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Yellowstone County resolution to re-vote on recreational marijuana fails

County Commissioners split vote 1-1; Pitman absent
Marijuana Legalization
Posted at 11:54 AM, Aug 03, 2021
and last updated 2021-08-03 19:26:31-04

BILLINGS — Yellowstone County voters will not get a second chance to overturn the legalization of recreational marijuana sales.

A resolution voted on by the Yellowstone County Commissioners on Tuesday that would have put the issue of legalized recreational marijuana back on November's ballot failed after a 1-1 tie. Board Chairman Don Jones voted in favor of Resolution 21-59, while commissioner John Ostlund voted against it. Commissioner Denis Pitman was absent.

"This is one of the most difficult decisions I think we've ever had before us," Ostlund said. "I don't think you get to re-vote every time you don't like the outcome of an election."

Ostlund explained he was not a proponent of recreational marijuana and did not vote for Montana I-190 in the November 2020 election, but he seemed to side with Billings resident Matthew Tucker, one of a number of residents who made a public comment at the meeting Tuesday morning before the vote.

"I'm sure it wouldn't be the best if somebody would say, 'Let's re-vote for County Commissioner,' just because we didn't like the outcome," Tucker said. "As a Montanan who voted for this, deciding to put a re-vote on would completely nullify what I stand for. In this country, making a vote counts."

Montana I-190 passed overwhelmingly, with 57% of the vote. The numbers were much closer in Yellowstone County, with I-190 passing 50.7% to 49.3%. House Bill 701, which carries the language of the original initiative, was signed into law by Gov. Greg Gianforte earlier this year.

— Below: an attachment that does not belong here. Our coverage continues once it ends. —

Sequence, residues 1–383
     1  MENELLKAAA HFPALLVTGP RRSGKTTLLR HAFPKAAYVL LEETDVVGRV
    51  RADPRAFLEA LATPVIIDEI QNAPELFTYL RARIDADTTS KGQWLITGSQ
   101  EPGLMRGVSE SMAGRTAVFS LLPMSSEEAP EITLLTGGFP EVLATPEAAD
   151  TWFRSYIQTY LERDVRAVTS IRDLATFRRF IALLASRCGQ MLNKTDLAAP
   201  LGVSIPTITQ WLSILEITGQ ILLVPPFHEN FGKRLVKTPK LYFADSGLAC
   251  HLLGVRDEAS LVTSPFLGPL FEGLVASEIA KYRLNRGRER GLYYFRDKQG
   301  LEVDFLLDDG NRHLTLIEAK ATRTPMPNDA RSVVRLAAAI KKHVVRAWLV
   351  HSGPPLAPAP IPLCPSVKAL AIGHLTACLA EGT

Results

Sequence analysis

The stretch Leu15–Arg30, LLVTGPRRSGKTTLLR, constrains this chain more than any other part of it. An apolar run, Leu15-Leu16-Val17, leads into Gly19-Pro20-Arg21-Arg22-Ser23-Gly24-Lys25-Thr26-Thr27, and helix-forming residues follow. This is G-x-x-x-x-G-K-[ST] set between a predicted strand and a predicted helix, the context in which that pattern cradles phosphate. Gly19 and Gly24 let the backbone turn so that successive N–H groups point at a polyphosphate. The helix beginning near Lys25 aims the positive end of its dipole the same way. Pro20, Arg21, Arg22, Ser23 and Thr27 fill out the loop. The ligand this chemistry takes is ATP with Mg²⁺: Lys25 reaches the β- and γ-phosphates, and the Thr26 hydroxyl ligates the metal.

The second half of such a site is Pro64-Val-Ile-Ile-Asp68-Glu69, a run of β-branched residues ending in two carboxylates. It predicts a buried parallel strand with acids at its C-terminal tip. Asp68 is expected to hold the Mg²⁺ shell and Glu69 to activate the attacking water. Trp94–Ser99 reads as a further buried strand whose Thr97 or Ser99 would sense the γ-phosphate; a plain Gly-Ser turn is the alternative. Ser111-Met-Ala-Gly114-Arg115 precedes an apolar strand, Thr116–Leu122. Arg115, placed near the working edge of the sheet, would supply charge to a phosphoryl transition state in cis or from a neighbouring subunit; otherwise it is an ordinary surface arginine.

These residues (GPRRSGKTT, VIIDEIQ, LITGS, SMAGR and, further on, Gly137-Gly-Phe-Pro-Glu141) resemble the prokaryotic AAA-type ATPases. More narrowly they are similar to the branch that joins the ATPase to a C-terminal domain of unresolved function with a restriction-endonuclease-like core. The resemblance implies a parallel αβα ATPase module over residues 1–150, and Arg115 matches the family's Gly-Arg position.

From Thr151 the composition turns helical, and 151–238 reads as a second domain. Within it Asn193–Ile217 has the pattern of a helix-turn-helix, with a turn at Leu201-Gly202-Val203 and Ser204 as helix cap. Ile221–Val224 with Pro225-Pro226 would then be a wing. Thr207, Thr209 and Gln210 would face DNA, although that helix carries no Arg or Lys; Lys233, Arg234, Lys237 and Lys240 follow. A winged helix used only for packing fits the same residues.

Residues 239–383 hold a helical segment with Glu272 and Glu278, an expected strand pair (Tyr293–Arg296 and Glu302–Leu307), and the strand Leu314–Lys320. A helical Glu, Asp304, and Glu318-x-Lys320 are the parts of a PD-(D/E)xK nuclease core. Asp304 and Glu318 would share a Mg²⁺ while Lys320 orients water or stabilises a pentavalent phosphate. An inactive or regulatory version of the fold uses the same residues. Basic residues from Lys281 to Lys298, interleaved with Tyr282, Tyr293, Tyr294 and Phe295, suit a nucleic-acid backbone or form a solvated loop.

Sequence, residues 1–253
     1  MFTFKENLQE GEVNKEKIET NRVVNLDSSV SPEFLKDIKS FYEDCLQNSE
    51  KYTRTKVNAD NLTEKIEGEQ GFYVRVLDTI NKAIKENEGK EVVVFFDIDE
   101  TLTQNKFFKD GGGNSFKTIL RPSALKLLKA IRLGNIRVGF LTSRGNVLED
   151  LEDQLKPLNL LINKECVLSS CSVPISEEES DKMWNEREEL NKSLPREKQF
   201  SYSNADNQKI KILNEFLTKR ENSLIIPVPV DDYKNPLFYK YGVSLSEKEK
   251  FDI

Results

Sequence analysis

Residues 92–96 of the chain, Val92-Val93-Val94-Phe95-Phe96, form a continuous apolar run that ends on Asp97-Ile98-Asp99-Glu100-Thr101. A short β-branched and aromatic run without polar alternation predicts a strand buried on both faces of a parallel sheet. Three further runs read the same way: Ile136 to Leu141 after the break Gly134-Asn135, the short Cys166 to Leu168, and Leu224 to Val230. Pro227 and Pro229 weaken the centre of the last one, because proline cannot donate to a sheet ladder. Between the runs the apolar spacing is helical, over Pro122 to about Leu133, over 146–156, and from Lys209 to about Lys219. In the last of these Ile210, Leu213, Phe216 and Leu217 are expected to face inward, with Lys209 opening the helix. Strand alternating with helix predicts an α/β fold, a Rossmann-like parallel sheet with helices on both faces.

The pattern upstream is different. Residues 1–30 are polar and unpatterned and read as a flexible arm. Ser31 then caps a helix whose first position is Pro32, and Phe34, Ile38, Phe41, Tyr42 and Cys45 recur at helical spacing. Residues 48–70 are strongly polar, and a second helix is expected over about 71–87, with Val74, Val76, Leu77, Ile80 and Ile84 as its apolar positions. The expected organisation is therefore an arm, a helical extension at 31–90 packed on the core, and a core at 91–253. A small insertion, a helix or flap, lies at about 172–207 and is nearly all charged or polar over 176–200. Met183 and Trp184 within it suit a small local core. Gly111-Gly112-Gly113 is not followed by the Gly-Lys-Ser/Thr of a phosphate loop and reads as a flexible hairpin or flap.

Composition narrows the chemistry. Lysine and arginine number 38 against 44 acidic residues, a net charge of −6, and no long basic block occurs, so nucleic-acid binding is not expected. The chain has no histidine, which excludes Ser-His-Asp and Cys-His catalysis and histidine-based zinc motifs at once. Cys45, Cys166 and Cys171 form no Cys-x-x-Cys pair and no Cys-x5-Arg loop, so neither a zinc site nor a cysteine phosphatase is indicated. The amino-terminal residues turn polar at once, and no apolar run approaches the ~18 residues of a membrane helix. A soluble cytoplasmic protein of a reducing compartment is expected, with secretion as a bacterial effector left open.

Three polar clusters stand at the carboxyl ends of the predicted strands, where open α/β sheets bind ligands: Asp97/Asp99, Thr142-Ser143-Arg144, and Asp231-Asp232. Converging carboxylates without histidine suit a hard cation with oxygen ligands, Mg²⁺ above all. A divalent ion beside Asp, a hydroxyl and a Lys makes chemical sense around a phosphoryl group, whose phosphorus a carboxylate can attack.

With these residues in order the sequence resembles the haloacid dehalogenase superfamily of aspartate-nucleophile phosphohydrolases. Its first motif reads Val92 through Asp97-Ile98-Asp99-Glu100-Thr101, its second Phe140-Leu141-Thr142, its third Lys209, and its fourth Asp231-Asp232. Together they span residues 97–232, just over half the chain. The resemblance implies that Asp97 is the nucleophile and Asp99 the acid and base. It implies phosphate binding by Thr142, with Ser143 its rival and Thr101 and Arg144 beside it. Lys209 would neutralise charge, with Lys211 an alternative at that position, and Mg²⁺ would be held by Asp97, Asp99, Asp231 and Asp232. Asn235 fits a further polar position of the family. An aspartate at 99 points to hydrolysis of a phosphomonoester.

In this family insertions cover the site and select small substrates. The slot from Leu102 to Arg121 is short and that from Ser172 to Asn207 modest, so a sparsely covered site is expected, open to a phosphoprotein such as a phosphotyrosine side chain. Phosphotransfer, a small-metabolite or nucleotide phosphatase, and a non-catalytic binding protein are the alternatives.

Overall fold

Public comment was split Tuesday morning during an open session before the vote. Residents arguing to overturn the approval of I-190 in Yellowstone County pointed mostly to a rise in underage drug consumption and an increase in crime statistics in areas where recreational marijuana is legal. Billings Police Chief Rich St. John echoed those concerns.

"We certainly believe the introduction of recreational marijuana will be a significant problem for law enforcement," St. John said. "It is going to exacerbate the addiction and social problems that we're struggling to get a handle on. Introducing recreational marijuana is counter-intuitive when we know that drugs are the main driver of violent crime in Montana and Billings, specifically."

Resolution 21-60, which would allow Yellowstone County voters to approve a 3% local option tax on all marijuana sales, including medical marijuana, passed 2-0 later in Tuesday's meeting.